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Here's One Way Warner Bros. Could Lure Friends Fans to Their Streaming Service

There could be a silver lining!

Amanda Bell

Netflix may have clap-clap-clap-clapped up the megabucks needed to keep Friendsavailable to subscribers for another year, but in the long run, it's looking likely that the beloved sitcom will be pulled from the streaming site so WarnerMedia can host the show on their own fledgling streaming service. Nothing official has been announced yet, but at this point you'd have to be at Joey Tribbiani's level of density not to see the writing on the wall.

They know that we know, too. Kevin Reilly, who is overseeing the development of WarnerMedia's platform, all but confirmed as much at the Television Critics Association winter press tour this week. "I think you can expect the crown jewels of Warner will ultimately end up on our new service," Reilly said, per Deadline. He also confirmed that the company is absolutely willing to yank its goodies from Netflix in the interest of exclusivity.

Friends fans' first instinct might be to groan at this possibility, but there may actually be a silver lining to the move -- if WarnerMedia chooses to restore all those jokes that were lost in the show's migration to Netflix.

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Rachel and Ross on Friends



For the uninitiated, in the boxed DVD sets of Friends, a healthy number of lines and jokes that never made it to air were added to the episodes and became canon for fans who revisited their DVDs time and time again. However, those lines were ultimately omitted from the Blu-ray version released several years later, much to fans' chagrin.

When TV Guide asked co-executive producer/director Kevin S. Bright about it at the time, he recognized that the change was "frustrating" but said the goal had been to return to the classic versions of the episodes as they originally aired. The same was true when the show hit Netflix; those lines were left out, living on only as phantom memories for those who'd grown attached to the DVDs.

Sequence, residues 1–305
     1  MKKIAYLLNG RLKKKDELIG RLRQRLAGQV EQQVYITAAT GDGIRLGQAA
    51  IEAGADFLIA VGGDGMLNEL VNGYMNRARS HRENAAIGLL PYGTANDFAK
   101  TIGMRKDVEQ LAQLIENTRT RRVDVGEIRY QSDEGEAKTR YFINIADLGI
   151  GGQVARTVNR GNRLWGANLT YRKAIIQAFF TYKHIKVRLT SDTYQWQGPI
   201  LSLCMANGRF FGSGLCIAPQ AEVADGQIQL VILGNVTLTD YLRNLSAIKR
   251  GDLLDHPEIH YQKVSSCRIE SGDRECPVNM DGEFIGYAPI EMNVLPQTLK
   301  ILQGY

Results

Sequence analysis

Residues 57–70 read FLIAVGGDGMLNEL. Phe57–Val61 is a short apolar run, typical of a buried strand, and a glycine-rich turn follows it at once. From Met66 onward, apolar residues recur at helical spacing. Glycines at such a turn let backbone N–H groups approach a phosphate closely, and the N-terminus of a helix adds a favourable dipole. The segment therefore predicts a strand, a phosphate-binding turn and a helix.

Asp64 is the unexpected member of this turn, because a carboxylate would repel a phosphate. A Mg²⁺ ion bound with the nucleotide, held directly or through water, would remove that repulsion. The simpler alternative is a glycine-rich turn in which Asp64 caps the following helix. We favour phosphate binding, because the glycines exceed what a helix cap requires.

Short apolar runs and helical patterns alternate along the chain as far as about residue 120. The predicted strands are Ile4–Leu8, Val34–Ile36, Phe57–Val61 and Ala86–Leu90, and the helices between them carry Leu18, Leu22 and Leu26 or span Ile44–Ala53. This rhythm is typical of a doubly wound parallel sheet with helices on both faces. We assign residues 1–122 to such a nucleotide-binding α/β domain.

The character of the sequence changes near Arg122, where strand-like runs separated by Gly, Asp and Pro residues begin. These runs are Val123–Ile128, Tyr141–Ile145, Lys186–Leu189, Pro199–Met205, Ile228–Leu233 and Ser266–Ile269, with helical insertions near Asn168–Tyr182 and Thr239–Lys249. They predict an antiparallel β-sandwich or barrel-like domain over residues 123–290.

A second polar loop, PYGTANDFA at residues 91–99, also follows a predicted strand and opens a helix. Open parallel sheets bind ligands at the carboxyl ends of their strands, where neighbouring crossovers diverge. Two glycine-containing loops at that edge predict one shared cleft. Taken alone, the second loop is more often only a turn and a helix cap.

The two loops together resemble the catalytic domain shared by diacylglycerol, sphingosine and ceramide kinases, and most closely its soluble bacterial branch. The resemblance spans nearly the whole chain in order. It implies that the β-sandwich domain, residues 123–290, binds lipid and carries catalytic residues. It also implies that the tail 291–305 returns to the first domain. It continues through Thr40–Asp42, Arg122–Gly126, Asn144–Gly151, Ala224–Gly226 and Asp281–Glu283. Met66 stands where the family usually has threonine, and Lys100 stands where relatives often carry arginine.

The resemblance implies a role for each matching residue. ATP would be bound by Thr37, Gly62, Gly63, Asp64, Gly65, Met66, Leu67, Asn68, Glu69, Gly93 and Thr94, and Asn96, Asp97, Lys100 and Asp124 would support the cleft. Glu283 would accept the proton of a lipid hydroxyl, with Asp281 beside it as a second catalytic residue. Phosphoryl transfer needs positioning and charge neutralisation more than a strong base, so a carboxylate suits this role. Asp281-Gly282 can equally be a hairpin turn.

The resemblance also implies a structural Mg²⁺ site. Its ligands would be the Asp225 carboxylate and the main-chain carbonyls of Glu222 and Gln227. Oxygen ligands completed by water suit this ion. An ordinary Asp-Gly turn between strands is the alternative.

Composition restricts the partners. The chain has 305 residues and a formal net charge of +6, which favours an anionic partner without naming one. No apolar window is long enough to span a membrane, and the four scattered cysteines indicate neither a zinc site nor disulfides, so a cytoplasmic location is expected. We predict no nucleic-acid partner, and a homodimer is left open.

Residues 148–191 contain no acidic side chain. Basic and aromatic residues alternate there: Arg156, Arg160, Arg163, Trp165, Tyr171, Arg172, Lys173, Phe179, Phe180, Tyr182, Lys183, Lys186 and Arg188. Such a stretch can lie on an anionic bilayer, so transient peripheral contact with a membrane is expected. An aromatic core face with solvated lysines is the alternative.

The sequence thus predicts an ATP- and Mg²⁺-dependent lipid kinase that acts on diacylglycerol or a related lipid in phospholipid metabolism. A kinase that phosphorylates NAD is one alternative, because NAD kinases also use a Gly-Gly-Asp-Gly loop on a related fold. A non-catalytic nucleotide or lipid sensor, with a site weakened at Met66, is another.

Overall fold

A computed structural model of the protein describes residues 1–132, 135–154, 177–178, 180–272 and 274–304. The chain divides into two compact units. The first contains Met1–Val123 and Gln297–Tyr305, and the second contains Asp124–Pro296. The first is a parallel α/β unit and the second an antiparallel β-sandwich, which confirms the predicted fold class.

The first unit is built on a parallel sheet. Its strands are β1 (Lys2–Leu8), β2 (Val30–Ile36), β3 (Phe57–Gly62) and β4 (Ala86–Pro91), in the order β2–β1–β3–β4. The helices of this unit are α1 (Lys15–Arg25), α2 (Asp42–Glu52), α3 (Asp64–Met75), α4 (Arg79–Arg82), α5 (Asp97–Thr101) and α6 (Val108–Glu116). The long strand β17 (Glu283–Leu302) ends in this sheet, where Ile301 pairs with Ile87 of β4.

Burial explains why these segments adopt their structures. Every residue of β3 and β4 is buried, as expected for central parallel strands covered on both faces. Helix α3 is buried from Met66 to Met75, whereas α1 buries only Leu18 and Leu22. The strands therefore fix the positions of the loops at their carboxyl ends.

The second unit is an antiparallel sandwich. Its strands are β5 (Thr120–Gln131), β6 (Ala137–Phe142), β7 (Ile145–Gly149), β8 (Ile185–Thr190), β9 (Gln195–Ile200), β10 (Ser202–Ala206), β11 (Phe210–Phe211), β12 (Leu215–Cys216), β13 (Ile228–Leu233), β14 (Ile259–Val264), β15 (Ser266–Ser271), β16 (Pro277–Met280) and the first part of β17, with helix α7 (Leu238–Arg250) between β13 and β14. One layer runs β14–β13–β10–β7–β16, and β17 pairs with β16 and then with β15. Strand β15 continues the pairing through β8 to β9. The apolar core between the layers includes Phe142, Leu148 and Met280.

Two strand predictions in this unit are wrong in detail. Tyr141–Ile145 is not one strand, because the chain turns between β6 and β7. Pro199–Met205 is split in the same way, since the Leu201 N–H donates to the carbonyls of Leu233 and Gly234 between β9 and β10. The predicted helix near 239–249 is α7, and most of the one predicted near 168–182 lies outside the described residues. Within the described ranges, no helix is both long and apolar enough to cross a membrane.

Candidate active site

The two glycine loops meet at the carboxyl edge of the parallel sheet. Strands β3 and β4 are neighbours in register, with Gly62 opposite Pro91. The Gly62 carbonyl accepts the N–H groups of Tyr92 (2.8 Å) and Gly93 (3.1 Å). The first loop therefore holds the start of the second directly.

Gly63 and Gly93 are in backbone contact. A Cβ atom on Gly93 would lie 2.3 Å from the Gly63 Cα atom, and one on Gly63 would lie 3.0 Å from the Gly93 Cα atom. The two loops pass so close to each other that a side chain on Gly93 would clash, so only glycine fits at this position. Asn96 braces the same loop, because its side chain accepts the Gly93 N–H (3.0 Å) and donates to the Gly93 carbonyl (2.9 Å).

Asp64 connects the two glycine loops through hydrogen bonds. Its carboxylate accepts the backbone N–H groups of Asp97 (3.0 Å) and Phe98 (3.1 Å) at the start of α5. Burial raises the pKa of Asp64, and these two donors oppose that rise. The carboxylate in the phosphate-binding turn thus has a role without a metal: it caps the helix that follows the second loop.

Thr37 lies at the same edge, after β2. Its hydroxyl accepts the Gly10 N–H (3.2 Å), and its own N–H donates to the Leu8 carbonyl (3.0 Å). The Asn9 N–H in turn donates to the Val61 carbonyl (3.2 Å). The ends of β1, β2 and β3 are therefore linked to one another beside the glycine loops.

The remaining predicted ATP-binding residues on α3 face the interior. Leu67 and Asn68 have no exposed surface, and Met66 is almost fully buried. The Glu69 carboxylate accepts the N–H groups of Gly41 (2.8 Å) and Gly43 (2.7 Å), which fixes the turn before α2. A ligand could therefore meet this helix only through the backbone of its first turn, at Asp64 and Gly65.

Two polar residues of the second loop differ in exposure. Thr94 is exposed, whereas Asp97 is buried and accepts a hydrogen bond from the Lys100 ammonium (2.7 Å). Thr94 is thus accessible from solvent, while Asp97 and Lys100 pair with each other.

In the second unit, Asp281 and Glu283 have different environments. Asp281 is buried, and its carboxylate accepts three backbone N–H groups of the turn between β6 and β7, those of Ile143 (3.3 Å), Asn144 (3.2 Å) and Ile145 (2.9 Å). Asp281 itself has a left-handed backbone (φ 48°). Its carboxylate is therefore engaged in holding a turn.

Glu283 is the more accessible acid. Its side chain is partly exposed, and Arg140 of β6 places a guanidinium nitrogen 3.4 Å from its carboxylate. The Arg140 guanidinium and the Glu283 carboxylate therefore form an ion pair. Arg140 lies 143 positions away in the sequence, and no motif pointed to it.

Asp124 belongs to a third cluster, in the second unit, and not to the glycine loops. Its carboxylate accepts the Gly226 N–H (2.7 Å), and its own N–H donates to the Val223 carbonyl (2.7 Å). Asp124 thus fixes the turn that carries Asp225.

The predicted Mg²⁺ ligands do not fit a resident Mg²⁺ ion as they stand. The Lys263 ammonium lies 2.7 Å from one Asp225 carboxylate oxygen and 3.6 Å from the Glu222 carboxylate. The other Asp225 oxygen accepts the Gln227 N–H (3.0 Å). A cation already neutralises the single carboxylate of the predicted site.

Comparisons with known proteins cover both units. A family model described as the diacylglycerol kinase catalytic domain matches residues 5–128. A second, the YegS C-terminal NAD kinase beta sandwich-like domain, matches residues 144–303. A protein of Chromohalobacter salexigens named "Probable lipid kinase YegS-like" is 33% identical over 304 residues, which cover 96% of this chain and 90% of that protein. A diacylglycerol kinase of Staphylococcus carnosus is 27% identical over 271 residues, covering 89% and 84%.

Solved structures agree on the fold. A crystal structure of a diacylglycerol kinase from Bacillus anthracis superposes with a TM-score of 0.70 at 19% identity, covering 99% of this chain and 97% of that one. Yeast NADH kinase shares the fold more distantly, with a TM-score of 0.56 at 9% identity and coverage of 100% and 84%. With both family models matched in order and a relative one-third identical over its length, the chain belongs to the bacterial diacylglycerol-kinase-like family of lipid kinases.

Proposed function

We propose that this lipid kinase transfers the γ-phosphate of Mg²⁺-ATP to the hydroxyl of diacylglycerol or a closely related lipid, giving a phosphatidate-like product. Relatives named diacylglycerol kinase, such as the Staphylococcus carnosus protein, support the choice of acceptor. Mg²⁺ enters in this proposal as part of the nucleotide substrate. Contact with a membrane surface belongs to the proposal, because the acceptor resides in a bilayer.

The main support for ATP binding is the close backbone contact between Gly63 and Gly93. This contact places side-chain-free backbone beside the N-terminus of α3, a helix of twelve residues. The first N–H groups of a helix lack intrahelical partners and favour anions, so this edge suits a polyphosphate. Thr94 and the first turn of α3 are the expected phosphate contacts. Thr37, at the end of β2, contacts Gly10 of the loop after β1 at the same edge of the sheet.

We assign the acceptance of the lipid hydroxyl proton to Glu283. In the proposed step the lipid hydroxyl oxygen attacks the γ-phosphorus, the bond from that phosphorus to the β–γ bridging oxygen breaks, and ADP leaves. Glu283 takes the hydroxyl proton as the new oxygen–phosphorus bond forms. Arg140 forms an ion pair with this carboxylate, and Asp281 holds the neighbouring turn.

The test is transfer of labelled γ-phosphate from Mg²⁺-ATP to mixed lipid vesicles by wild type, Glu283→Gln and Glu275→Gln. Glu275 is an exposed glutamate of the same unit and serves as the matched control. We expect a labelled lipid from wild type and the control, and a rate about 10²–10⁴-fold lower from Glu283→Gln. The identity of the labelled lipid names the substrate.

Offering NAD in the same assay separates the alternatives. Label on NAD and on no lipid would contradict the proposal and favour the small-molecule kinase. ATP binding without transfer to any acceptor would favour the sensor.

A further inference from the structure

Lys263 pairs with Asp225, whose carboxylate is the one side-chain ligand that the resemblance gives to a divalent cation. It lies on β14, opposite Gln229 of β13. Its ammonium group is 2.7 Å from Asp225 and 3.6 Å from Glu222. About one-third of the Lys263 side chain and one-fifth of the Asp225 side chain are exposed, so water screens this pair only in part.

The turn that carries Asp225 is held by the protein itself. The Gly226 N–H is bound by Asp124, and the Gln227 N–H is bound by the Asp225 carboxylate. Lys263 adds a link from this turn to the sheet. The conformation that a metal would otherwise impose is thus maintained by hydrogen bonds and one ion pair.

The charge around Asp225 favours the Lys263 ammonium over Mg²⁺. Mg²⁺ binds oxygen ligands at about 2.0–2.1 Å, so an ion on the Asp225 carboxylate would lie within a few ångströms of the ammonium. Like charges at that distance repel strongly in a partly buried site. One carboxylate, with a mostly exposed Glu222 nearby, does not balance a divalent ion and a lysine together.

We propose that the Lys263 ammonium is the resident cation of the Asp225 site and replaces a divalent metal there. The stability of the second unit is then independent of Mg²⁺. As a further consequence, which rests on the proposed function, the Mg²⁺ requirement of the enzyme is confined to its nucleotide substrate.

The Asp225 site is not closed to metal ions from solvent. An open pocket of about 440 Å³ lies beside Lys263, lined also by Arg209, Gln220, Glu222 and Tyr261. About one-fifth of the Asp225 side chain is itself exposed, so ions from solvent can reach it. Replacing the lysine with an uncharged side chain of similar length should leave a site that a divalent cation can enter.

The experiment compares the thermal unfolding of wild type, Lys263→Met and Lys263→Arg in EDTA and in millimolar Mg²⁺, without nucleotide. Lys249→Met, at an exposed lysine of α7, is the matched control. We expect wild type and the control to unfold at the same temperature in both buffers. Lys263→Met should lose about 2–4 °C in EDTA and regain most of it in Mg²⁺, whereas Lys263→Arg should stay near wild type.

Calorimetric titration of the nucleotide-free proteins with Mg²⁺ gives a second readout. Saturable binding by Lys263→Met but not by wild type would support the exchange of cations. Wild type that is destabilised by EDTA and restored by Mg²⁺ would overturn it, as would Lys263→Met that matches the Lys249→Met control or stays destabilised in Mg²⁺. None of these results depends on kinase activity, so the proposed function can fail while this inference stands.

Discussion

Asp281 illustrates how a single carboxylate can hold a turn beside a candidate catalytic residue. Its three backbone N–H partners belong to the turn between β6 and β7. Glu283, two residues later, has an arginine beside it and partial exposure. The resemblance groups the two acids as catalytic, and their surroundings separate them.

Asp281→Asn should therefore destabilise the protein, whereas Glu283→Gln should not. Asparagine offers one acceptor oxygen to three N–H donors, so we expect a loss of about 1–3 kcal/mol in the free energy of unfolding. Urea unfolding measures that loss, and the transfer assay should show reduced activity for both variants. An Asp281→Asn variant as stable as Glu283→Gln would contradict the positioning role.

So, perhaps if the show does move to Warner. Bros' new service, as expected, the company could win over fans who've been missing those lines by adding them back to the episodes.

How great would it be if the pilot episode scene when Monica (Courteney Cox) is helping Rachel (Jennifer Aniston) cut up her credit cards included the bit about Rachel trying to sub in a library card instead of the real deal? And Mon's cousin Frannie really should lament her week spent pushing "Aunt Roz through Parrot Jungle." Meanwhile, seeing Ross (David Schwimmer) absolutely lose it over the possibility of adopting two cats with Julie is essential. There are a ton of tiny moments like this that almost make it worthwhile to dust off those DVDs.

Netflix's version of Friends still gives fans easy access to the Rachel Green fashion show and all of those essential Thanksgiving scenes, but if the show's next platform could merge those precious extra moments from the DVDs with the convenience of streaming, that might just prompt fans to subscribe to a new service. And for those Friends fans who haven't missed the jokes, this change would offer an all-new viewing experience, so it's a win-win, really.

Friends is available for streaming on Netflix ... for now, at least.

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Friends Julia Roberts and Matthew  Perry